Women in STEM, Science Illustration Focus
We’re honoring Women’s History this March, by recognizing women in STEM. We’re starting with a look at SayoStudio’s science start, and then focusing on encouraging women in science. Finally, we are featuring science illustrations created for a few of the incredible women scientists that SayoStudio has worked with. (Prefer to jump directly to the women in STEM gallery?)
SayoStudio’s Science Start
As SayoStudio’s Creative Director, I have to admit to a small identity crisis. People ask: are you an artist or a scientist? Nearly 20 years into my science illustration career, I slightly dodge the question. My answer is that I am enthusiastically a science communicator. I get to work with amazing scientists, translating their discoveries and ideas into visuals that people can connect with.
Initially, I did start out as a scientist-in-training, working as a research assistant in a parasitology lab. I was swept away with the hope of learning insights into—and hopefully cures for—tropical diseases like Leishmaniasis and malaria. I studied the molecular pathways of nucleotide transfer by diligently working on western blots and ELISAs (experiments looking for the presence of specific proteins in different cell organelles).
In my early lab work I discovered… that it’s a slog. I don’t mean that negatively, but my romantic notion of finding cures doesn’t happen quickly. It happens over decades, not years, and it takes a huge level of commitment. After working in the lab I realized that I could contribute in a different way, by highlighting the research of those who have the fortitude, perseverance, and love for bench work.
Shift to Communicate Science
I have SO much respect and admiration for my peers who have continued on their scientific quest. On the other hand, I’m proud to now translate, communicate, and advocate for science alongside my fellow science communicators.
Our team now has a molecular-biologist turned designer, a slime-mold expert who hones our marketing, and to round us all out, a non-scientist Programs Director who has worked alongside us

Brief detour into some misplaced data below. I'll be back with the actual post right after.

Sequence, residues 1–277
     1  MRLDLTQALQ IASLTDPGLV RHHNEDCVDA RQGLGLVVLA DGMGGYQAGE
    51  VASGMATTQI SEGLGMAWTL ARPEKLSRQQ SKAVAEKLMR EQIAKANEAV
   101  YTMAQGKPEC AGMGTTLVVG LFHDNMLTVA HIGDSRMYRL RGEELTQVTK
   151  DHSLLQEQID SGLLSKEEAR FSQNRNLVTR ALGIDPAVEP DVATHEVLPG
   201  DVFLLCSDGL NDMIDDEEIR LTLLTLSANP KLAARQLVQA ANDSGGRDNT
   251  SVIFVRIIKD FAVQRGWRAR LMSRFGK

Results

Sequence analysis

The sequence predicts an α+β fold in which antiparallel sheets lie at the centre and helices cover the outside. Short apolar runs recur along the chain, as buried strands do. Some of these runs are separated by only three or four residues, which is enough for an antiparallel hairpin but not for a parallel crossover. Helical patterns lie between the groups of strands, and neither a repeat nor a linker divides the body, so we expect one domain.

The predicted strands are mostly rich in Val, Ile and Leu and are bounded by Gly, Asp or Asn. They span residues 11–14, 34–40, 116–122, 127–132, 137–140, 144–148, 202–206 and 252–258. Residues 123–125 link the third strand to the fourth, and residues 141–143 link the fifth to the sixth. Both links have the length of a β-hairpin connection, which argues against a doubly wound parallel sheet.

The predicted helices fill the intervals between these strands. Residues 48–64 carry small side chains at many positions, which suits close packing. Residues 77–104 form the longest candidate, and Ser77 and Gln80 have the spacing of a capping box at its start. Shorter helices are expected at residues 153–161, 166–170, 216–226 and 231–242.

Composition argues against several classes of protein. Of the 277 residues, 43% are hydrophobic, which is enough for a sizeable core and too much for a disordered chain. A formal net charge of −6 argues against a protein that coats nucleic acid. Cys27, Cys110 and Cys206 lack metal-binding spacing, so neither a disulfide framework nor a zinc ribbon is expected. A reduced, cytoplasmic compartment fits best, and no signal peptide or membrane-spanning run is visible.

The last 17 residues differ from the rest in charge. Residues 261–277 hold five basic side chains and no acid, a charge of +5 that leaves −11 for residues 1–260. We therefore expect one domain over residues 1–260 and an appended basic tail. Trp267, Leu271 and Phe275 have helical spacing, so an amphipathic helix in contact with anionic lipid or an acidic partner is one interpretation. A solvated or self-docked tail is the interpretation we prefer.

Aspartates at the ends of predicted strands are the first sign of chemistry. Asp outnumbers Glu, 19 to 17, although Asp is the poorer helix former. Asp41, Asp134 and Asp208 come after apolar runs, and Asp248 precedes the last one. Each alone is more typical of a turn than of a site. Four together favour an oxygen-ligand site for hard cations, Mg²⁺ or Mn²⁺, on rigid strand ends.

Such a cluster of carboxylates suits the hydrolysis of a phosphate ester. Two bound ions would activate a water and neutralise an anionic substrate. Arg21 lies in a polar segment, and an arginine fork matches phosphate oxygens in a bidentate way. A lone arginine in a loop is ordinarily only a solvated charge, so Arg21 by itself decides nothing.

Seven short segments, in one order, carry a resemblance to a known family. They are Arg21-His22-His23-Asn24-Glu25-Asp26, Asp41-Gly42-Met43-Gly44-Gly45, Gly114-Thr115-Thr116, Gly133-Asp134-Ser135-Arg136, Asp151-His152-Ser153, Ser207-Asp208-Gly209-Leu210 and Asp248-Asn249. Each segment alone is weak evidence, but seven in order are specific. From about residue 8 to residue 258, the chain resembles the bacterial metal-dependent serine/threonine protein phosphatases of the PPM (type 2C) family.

nerds scientists and science-types for over 15 years in the National Science Foundation’s public affairs office before arriving here. All of us at SayoStudio are so grateful that we are in a position to honor and celebrate women scientists.
Celebrating and Encouraging Women in Science
SayoStudio’s core mission is to further science with visuals, and much of that means furthering women’s voices in science. Whenever we create science illustrations and animation, we’re working to communicate information—but just as importantly—some might argue more—is encouraging excitement for science. And although our work is often geared toward other adults, we also hope to nurture that spark of wonder in our future scientists.
Why does it matter? Despite equal math scores with their male classmates, middle school and high school girls don’t pursue engineering, math and science at the same rate. In fact, despite accounting for 52% of the college-educated workforce, only 29% of the STEM workforce is female (NSF’s labor and workforce statistics). Drill down into the numbers to minority and disadvantaged groups, and it gets even worse. Edutopia’s excellent article collates many references on the subject that delve into some of the potential causes and solutions.
Here at SayoStudio we’re growing our science communication team with kick-a** women who are passionate about visualizing science. We’re excited to bring more attention to stunning discoveries, and along the way encourage more girls to join the future ranks of engineers, scientists, and mathematicians.
Amazing Science Showcased in Illustrations
Finally, the part you’ve all been waiting for… inspiring science from women in STEM! Please enjoy the following gallery showcasing just a few of the women researchers whose work we’ve visualized. You can learn more about Dr. Ghez’s black hole research, and Dr. Angela Brown’s research into new antibiotics.
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